Solar-terrestrial science

The natural events happening beyond our protective atmosphere and magnetic field can have an impact on human activities, both on Earth and in space. Solar-terrestrial science is the study of the near-Earth space environment (or geospace), how it is affected by the Sun, and its complex interactions with the atmosphere.

Space weather refers to variable conditions in space, beginning with eruptions on the Sun, which cause disturbances in the Earth's space environment and magnetic field (E.g. solar storms and geomagnetic storms). In addition to causing spectacular aurora around the magnetic poles, the electromagnetic radiation and charged particles coming from space, can have a major impact on human activities, from damaging spacecraft electronics and threatening astronaut health to causing power outages on Earth. It is important that we understand these phenomena so that we can better predict and respond to potential threats and impacts.

Studying space weather

Because of the geographic location of the magnetic North Pole (in the Arctic), Canadian scientists have a privileged perspective on the auroras and space weather, using information collected by instruments on the ground and aboard satellites.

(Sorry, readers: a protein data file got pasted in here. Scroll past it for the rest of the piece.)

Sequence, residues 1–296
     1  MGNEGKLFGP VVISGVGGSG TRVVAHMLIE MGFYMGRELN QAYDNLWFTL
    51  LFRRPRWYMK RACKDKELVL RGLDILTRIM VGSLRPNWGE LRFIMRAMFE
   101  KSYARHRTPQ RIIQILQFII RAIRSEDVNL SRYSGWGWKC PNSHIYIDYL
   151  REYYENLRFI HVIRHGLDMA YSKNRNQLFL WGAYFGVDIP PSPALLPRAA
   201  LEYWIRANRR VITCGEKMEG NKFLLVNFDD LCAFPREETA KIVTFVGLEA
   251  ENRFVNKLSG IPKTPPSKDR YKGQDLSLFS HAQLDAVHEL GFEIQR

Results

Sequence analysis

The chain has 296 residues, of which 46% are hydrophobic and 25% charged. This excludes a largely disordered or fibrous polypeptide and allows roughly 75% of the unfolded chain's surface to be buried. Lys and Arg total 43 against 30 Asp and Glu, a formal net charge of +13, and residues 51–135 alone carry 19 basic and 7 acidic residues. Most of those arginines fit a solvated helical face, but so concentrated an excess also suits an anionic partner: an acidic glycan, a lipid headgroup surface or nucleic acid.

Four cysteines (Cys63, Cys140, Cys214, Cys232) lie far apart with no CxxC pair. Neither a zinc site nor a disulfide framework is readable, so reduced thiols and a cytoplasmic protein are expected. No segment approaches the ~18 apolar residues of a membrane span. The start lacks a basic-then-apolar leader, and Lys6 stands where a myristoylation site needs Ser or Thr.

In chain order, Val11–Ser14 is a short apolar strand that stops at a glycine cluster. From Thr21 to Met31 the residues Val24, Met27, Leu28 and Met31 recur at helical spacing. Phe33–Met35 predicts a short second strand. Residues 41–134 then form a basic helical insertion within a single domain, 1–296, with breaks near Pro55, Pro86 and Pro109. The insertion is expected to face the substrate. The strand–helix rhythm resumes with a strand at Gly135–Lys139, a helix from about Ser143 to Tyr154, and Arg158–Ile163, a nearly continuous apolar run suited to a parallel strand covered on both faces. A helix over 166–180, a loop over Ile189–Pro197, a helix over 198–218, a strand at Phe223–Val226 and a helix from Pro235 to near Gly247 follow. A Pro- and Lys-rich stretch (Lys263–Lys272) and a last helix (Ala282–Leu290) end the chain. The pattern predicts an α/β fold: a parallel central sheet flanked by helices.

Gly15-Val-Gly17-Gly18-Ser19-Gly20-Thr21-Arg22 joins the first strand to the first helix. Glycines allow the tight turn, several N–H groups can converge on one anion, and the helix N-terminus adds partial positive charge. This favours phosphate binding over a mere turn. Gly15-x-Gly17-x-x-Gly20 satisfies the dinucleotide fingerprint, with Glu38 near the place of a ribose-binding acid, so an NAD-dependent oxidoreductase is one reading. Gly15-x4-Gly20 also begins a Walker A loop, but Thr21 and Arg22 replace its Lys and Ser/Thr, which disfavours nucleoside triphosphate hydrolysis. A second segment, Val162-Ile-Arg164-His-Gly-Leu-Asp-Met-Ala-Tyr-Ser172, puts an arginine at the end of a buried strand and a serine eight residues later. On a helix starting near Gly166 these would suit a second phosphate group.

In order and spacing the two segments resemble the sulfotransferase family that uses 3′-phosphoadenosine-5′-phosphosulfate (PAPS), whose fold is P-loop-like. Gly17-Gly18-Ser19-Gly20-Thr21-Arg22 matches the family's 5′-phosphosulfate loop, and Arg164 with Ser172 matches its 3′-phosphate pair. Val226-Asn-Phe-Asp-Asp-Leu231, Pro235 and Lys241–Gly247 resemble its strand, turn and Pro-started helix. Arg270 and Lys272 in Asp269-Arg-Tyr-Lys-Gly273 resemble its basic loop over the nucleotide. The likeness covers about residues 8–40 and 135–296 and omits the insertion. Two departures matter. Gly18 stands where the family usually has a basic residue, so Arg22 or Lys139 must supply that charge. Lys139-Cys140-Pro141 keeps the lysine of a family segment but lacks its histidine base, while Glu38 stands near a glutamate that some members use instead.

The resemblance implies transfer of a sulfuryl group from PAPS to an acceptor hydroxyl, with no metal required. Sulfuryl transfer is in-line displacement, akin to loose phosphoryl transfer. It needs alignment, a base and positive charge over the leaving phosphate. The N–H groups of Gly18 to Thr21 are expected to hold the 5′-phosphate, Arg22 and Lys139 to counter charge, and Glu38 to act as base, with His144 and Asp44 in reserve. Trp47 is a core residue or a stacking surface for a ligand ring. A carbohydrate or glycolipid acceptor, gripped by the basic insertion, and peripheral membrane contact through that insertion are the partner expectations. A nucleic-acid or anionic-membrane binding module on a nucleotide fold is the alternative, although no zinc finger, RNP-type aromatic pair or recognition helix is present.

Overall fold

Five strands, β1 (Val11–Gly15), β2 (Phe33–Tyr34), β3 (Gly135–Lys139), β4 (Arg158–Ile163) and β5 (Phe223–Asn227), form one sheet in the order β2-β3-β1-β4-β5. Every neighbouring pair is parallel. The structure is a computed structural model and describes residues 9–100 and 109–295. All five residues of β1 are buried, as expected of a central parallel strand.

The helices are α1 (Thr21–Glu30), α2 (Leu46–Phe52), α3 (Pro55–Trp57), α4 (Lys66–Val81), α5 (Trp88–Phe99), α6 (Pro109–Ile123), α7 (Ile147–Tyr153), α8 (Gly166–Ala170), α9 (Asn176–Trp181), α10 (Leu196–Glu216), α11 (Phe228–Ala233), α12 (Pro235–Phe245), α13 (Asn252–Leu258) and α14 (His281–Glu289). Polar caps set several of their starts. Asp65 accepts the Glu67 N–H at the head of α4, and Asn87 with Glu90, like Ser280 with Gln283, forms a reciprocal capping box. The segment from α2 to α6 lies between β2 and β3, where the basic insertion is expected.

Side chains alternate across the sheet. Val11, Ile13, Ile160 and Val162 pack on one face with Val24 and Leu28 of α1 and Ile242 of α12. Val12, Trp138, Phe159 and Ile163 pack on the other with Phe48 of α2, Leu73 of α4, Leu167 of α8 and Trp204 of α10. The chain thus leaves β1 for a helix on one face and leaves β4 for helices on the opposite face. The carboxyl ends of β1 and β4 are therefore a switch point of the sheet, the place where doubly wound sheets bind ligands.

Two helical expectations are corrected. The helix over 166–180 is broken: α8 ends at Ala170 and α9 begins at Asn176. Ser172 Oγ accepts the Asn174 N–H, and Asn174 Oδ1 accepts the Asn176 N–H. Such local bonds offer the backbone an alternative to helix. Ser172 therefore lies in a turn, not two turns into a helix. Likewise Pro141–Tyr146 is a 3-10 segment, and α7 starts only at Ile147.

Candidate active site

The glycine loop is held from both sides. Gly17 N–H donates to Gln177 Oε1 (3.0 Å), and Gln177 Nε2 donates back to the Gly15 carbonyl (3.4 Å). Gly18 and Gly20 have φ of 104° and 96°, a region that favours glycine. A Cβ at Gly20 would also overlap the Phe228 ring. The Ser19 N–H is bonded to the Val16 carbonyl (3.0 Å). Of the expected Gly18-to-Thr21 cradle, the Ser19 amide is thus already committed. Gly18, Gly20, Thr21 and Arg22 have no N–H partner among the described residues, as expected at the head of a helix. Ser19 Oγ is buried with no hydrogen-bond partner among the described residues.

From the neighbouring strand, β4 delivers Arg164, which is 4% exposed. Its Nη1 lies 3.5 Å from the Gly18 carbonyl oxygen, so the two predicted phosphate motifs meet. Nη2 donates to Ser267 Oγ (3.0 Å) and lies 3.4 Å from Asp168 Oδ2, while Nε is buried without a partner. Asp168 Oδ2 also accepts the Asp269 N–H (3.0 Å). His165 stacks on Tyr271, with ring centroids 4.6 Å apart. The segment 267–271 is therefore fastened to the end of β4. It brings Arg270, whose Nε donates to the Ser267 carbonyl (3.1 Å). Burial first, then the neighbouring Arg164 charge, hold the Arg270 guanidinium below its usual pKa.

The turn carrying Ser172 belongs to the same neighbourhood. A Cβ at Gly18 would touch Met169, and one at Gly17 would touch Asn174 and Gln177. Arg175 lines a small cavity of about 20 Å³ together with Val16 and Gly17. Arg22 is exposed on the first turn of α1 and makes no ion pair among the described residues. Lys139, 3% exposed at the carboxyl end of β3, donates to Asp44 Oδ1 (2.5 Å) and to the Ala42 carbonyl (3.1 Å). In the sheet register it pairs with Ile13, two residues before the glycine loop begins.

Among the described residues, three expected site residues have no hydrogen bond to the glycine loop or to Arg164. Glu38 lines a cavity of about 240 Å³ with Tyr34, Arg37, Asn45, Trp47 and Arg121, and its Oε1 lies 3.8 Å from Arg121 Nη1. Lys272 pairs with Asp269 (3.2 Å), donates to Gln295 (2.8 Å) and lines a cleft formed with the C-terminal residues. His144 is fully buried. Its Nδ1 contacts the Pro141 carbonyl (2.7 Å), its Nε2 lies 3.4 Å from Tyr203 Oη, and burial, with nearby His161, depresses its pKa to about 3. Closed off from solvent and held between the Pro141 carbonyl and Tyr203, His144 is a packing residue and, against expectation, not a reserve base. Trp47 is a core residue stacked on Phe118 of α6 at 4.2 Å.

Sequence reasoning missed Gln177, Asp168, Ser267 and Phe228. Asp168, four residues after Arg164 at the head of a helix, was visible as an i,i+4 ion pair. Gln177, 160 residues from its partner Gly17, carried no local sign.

Discover 9 research projects using satellite data to study space weather

The Canadian Space Agency (CSA) is supporting nine Canadian research teams that are studying space weather so that we better understand it and are better equipped to predict and respond to its effects.

Geospace Observatory (GO) Canada

Learn how the CSA is supporting the academic community in gathering data on geospace, conducting research, and transforming scientific knowledge into applications.

Satellites and instruments

  • THEMIS (NASA, 2007)

    Three satellites and 20 ground-based observatories that gather information about the physical processes that lead to the explosive release of magnetic energy in substorms.

  • CASSIOPE (2013)

    Eight science instruments that gather information on the ionosphere and aurora borealis to better understand the science and impact of space weather.

  • Swarm (ESA, 2013)

    Three satellites that measure the Earth's magnetic field as it is generated by the Earth's core, mantle, crust, oceans, ionosphere and magnetosphere to advance understanding of the core-generated magnetic field and the processes of space weather.

  • The Geospace Observatory (GO) Canada Initiative

    More than 120 ground-based instruments that observe the near-Earth space environment (geospace) over Canada and provide scientists with data they use to understand the causes of space weather.

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